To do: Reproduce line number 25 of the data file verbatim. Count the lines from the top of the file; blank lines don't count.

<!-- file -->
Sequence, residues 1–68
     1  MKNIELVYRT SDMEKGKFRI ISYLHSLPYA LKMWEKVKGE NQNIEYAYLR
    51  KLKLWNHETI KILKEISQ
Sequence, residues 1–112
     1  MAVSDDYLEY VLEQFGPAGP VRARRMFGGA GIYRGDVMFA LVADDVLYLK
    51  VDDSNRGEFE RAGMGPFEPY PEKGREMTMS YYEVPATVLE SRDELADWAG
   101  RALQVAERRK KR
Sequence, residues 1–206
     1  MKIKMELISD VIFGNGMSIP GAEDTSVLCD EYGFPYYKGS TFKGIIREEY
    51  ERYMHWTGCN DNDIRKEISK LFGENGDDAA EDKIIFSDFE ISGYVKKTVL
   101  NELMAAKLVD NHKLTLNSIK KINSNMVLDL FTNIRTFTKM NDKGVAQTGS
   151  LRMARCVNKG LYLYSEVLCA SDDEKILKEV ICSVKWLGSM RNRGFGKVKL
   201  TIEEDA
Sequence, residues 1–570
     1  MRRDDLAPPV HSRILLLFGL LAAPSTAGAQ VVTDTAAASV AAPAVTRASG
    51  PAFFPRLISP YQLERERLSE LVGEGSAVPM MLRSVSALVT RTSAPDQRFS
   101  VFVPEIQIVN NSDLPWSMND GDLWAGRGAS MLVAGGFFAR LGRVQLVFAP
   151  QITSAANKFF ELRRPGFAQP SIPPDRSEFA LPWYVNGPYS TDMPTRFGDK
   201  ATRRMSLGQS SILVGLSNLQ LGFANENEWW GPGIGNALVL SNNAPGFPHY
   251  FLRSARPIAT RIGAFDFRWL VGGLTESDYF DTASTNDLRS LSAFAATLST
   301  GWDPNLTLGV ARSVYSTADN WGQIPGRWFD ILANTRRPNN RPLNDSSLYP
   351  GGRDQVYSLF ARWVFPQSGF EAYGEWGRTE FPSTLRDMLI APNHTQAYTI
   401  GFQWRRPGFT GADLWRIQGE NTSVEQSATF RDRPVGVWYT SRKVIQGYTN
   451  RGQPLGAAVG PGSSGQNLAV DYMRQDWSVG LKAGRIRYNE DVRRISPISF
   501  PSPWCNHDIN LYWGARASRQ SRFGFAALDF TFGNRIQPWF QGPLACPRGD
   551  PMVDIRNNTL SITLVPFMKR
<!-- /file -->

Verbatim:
   501  PSPWCNHDIN LYWGARASRQ SRFGFAALDF TFGNRIQPWF QGPLACPRGD